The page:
Four Major NCAA Programs In Danger Of Postseason Suspensions Thanks To Poor Academic Performance


Over the past decade, eight major-conference programs have been penalized for low APR scores - the measure used by the NCAA to determine academic progress. Teams with an average score under 925 can be penalized, and starting in 2014, football teams with an APR of 930 or lower can be banned from the postseason.

According to NCAA compliance expert John Infante, four major programs are in danger of missing out on the postseason thanks to low APR scores - Tennessee, Louisville, Oklahoma State and Iowa State.

With an average APR of 924 over the last four years on record, Tennessee has the most to worry about. Infante explains:

"Tennessee is in the biggest danger for two reasons. First, it needs to carry its lowest APR for the next three years including this one. Second, the 909 single year score in 2011–12 will make it difficult if not impossible to post a two-year APR score of 940 for 2011–12 and 2012–13. On top of that, the Volunteers drop their second highest score for the 2012–13 multi-year APR."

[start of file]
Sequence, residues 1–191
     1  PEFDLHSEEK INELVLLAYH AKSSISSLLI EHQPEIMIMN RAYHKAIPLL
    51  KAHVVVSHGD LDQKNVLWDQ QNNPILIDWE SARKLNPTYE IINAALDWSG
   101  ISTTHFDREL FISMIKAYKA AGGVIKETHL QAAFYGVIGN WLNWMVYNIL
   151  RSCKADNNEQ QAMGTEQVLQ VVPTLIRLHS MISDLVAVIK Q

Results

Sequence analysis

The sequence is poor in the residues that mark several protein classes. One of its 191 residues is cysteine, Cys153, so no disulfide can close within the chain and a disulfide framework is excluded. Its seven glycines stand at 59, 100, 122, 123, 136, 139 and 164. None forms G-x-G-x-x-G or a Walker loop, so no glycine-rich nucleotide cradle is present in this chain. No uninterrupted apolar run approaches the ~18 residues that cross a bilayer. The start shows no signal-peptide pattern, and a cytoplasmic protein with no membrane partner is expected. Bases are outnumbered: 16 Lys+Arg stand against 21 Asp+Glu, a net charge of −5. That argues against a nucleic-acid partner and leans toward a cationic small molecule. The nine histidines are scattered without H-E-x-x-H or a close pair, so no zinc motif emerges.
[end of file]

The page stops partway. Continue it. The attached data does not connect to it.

Tennessee can avoid suspension by turning things around quickly, but it won't be easy. The other three schools have slightly more breathing room, but a slip-up could be disastrous. The NCAA's annual APR rankings will be released next week.


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